Evolution of a Burn Chart

Burn charts have been a staple of Atomic-run projects for quite a while. They’ve also been the subject of much discussion both internally at Atomic and at-large in the Agile development community. The basic concepts are simple, and we’ve found them useful — especially when they are allowed to evolve as we learn how to better engage our customers and teams. I’m going to tell a story of one such evolution.

First, if you’re unfamiliar with a basic burn chart, check out Mike Marsiglia’s previous post about Atomic burn charts. Got that down? Great!

I’m going to follow the story of a ficticious company, Acme, Inc., working on a custom order management system. Our burn chart experience started simply, as Mike’s example illustrates: one big scope bucket (represented by the blue line), and a team of three working to realize the features represented in our backlog (represented by the green line).


Adding Intermediate Milestones

But things rarely stay so simple, and we soon found our burn chart needed some attention to better tell the story of our project.

We had been discussing the project’s completion as a single date, but realized not long into the work that a few incremental releases would be valuable. The team, working closely with Acme, determined that individual product lines could be supported and released incrementally. The product line support would be rolled out in the following order:

  • Super Gears
  • Perfect Pedals
  • Wonder Wheels
  • Additional Enhancements (Customization, etc.)

We added intermediate milestones to the burn chart to represent the scope that needed to be completed for each, and included date projections to keep our eyes on those release points.


That worked well for a while, but it wasn’t long before it became clear that it would be best to launch the Wonder Wheels support before Perfect Pedals. Plus there were a few stories in the Perfect Pedals bucket that needed to be pulled forward to support Super Gears better. No problem — we expect priority and scope changes in a project. Our process is designed to accomodate that.


This, too worked fine for a while. The Super Gears launch went extremely well, but as we approached the completion of the Wonder Wheels features, we found another challenge with the burn chart. As we neared completion of the Wonder Wheels bucket, there were a few blocked tasks, and the team (now 5 developers, to help expedite launch) spent some time working on features to support Perfect Pedals. The team completed 14 points of Perfect Pedals work and 15 points of Wonder Wheels work in that iteration. Drat. That’s not going to be obvious on the burn chart.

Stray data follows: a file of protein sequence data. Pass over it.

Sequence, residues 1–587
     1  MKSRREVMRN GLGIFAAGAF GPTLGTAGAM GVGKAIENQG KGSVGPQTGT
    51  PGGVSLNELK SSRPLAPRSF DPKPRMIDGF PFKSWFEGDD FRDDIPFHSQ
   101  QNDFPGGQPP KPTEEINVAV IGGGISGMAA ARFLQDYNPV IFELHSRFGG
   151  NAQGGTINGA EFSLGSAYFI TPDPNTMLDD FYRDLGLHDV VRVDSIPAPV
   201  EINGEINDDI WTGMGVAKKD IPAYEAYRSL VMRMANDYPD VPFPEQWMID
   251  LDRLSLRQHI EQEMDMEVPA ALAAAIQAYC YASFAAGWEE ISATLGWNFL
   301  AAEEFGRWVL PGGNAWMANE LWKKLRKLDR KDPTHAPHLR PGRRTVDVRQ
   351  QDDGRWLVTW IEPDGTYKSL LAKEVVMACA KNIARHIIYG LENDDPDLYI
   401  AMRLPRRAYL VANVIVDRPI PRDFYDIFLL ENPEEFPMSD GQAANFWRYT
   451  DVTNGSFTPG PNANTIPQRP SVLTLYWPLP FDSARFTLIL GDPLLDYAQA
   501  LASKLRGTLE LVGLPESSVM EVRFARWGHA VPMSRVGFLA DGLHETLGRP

We worked around the issue temporarily by bumping the scope line for Wonder Wheels by 14 points — the amount of work completed that was not related to completing that bucket. It required a detailed explanation in that week’s iteration update. Not ideal.


At the same time we, started thinking more critically about the level at which our customer was best able to engage in discussions. Acme isn’t a development company, and we were reporting project progress primarily to the company president. She couldn’t be involved in every detailed discussion about feature design and implementation — the managers of the individual product lines worked with us for that purpose. The stories in our backlog were written for us (developers) and the product-line managers and were a bit too low-level to be useful as bullet points in a higher-level converstation.

The Stacked-Bar Burn Chart

What we needed was a better way to show what we were doing, what we had done, and what was still on the horizon — something that would:

  • Keep visibility on smaller intermediate milestones, without getting lost in details.
  • Answer questions like “Where are we on integration with Emca Carbon Fiber, who needs data about Wonder Wheels orders?” and “We haven’t talked about pedal customization in a while. Has that work started? How much is left?”
  • Show what we accomplished in the last iteration.
  • Help visualize the scale of our weekly progress against meaningful buckets of features, intermediate milestones, and the full scope of the project.

We ended up creating a second chart more tailored to those purposes.


The previously-shown burn chart still has its purposes. It shows the story of re-prioritization over time and our rate of progress. But I suspect the most important part of that chart for our customer is the right-hand column of dates and dollars.

We’ve used different forms of that stacked bar chart over the past several months to illustrate where complexity lies, at a high level, within our project. It has been well received, communicates clearly, and polishes up nicely for presentations. Alongside other information, such as the stories we’re planning to tackle next, a list of the top project risks, and our plans for mitigating those risks, the chart has been particularly useful in framing our weekly iteration updates.

For my current project, especially in communication with leadership at the company, it has been very useful for:

  • Communicating what we just completed
  • Framing discussions of risks
  • Maintaining a higher-level, business-value-focused awareness of feature status
  • Picturing the scale of newly-requested features alongside the scale of the backlog

We still use our backlog and more detailed communication with individuals and groups who are engaged in our design and development process at a more detailed level.

This is just another example of a tool, the burn chart, taking a few evolutionary steps before making a more significant shift to better match it’s purpose, and a good reminder to not be constrained by your tools.

For more on project mangement at Atomic, I recommend the following posts on Atomic Spin: